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Cartier Paris Art Deco Flexible Diamond Bracelet, circa 1930

US$375,000Asking Price


A wide flexible band bracelet set with diamonds, created in two hinged segments each set with a line of larger raised diamonds on a pave ground with pierced elements near the edges; mounted in platinum • 568 diamonds, total weighing approximately 28.5 carats • Signed Cartier, 85748, Made in France Jewelry design radically changed after World War I. The delicate swags and bows of the Edwardian period were replaced with the strong, geometric style of Art Deco. The new paradigm was based on the art movements of Cubism, Futurism, and Neoplasticism in which squares, rectangles, circles, and triangles were juxtaposed or overlapped to create linear configurations. This style was translated into jewelry design with the creation of new forms and also with contrasting surface treatments utilizing a variety of stone cuts. Platinum was the preferred metal by the end of the 1920s; its whiteness complemented diamonds to give Art Deco jewelry settings vibrancy and interest. Cartier embraced the Art Deco, with a combination of strong geometric designs, and exotic colorful jewels inspired by the decorative arts of far-off lands such as Asia, India, and the Middle East. In this unusual bracelet, the Cartier designers skillfully evoked an Islamic carpet, in an all-diamond palette. The carefully placed piercing around the edges evokes a geometric carpet pattern, while the notched chevron form around the center hinge is a common motif in Islamic design. The line of large bezel-set diamonds down the center adds a strong touch of luxury and geometry. Completely set with diamonds, the functional hinges are turned into strong design elements, giving the piece a slightly Machine Age feel. At the beginning of the 1920s, bracelets were slender, but by the middle of the decade they were wide, a reflection of the new style of sleeveless dress which allowed the jewelry designer free rein to create jewelry to decorate the wrist and upper arm. Bracelets that had been accessories to fashion were now wearable art forms that demanded attention. The combination of Art Deco geometry and exotic influence elevates this bracelet to one of the best of Cartier’s diamond designs.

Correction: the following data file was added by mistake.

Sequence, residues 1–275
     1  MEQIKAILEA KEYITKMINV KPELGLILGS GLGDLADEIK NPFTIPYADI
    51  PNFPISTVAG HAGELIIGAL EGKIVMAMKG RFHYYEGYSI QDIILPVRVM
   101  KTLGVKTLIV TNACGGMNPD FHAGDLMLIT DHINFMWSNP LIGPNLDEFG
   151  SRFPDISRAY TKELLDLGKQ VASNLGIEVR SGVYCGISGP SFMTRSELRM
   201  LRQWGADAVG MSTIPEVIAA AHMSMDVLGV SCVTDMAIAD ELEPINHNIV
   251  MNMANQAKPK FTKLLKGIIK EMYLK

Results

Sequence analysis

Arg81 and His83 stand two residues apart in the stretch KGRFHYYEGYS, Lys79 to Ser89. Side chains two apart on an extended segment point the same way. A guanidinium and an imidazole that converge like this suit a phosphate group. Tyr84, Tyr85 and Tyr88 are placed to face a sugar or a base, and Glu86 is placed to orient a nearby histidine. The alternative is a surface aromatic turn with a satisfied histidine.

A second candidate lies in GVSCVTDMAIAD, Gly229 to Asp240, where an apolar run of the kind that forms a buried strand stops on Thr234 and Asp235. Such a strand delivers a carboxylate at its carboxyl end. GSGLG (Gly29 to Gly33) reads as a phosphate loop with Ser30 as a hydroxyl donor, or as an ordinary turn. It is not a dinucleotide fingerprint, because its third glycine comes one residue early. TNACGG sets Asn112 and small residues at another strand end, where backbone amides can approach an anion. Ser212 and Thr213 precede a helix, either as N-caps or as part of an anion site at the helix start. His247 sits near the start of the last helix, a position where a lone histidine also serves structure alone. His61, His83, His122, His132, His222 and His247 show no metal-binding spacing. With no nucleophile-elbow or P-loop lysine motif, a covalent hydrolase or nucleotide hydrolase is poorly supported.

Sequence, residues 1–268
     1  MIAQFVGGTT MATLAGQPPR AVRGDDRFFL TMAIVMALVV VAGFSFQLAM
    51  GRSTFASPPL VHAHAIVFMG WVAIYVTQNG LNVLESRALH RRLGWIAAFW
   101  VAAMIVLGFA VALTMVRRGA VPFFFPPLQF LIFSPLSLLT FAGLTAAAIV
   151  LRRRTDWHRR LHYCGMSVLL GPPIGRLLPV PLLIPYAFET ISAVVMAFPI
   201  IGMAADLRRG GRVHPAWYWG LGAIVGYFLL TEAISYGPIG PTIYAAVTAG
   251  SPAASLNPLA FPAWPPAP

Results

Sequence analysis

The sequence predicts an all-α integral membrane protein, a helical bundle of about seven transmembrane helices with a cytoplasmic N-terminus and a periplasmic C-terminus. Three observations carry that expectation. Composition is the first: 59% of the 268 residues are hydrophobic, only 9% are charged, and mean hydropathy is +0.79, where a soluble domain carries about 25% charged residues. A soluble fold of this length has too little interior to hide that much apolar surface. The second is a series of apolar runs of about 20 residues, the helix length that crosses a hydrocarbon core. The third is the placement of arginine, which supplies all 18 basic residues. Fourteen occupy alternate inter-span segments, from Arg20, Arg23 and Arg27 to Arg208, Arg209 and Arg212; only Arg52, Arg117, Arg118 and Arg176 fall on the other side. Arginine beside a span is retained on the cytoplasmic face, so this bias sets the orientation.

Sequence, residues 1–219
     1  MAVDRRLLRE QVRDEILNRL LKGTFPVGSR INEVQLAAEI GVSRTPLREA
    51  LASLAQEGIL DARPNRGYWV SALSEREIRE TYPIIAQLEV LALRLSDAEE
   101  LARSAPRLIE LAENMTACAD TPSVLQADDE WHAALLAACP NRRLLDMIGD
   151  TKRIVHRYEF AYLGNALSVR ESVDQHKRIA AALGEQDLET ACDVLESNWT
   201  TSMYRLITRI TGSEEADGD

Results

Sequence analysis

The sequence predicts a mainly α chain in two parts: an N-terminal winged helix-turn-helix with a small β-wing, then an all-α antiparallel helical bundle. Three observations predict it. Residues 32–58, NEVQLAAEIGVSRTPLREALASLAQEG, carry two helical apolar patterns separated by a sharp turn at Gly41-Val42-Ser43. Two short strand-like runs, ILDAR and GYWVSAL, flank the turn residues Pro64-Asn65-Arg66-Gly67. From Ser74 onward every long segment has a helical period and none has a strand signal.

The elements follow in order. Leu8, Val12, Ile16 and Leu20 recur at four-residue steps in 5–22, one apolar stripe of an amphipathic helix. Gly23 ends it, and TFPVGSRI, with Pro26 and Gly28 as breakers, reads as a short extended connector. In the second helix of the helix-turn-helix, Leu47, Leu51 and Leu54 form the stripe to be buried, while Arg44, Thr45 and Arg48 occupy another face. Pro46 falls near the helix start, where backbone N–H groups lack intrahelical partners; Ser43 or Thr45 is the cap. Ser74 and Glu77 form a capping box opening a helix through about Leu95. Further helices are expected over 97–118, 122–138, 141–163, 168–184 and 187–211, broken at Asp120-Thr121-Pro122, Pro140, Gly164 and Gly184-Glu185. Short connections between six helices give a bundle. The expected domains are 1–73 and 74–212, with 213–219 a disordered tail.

• Creator
  • Metal
  • Stone
  • Stone Cut
  • Weight
    60.2 g
  • Dimensions
    Width: .88 in. (22.36 mm)Depth: .25 in. (6.35 mm)Length: 7 in. (177.8 mm)
  • Style
  • Place of Origin
  • Period
  • Date of Manufacture
    circa 1930
  • Condition
  • Seller Location
    New York, NY
  • Reference Number
    Seller: F13461stDibs: LU2075210718222

Shipping & Returns

  • Shipping
    Free Shipping: Standard Parcel Shipping
    to anywhere in the world, arrives in 1-3 weeks, excluding production time.
    We recommend this shipping type based on item size, type and fragility.
    Ships From: New York, NY
  • Return Policy

    A return for this item may be initiated within 3 days of delivery.

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About the Designer